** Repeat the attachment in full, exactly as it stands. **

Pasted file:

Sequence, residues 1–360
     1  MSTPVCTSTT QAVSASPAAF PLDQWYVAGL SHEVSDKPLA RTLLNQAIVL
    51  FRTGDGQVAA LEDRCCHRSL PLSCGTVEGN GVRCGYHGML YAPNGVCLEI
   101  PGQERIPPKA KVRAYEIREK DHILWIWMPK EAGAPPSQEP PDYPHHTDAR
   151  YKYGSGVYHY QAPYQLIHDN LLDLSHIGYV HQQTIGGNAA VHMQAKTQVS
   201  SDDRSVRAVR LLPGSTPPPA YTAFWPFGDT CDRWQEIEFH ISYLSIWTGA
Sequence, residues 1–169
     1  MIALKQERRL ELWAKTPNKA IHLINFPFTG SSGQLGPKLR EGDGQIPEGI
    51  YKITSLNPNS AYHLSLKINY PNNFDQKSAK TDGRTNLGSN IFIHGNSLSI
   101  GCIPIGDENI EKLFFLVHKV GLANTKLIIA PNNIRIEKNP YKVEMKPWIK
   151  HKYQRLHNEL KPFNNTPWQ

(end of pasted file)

Sequence, residues 1–360
     1  MSTPVCTSTT QAVSASPAAF PLDQWYVAGL SHEVSDKPLA RTLLNQAIVL
    51  FRTGDGQVAA LEDRCCHRSL PLSCGTVEGN GVRCGYHGML YAPNGVCLEI
   101  PGQERIPPKA KVRAYEIREK DHILWIWMPK EAGAPPSQEP PDYPHHTDAR
   151  YKYGSGVYHY QAPYQLIHDN LLDLSHIGYV HQQTIGGNAA VHMQAKTQVS
   201  SDDRSVRAVR LLPGSTPPPA YTAFWPFGDT CDRWQEIEFH ISYLSIWTGA
Sequence, residues 1–169
     1  MIALKQERRL ELWAKTPNKA IHLINFPFTG SSGQLGPKLR EGDGQIPEGI
    51  YKITSLNPNS AYHLSLKINY PNNFDQKSAK TDGRTNLGSN IFIHGNSLSI
   101  GCIPIGDENI EKLFFLVHKV GLANTKLIIA PNNIRIEKNP YKVEMKPWIK
   151  HKYQRLHNEL KPFNNTPWQ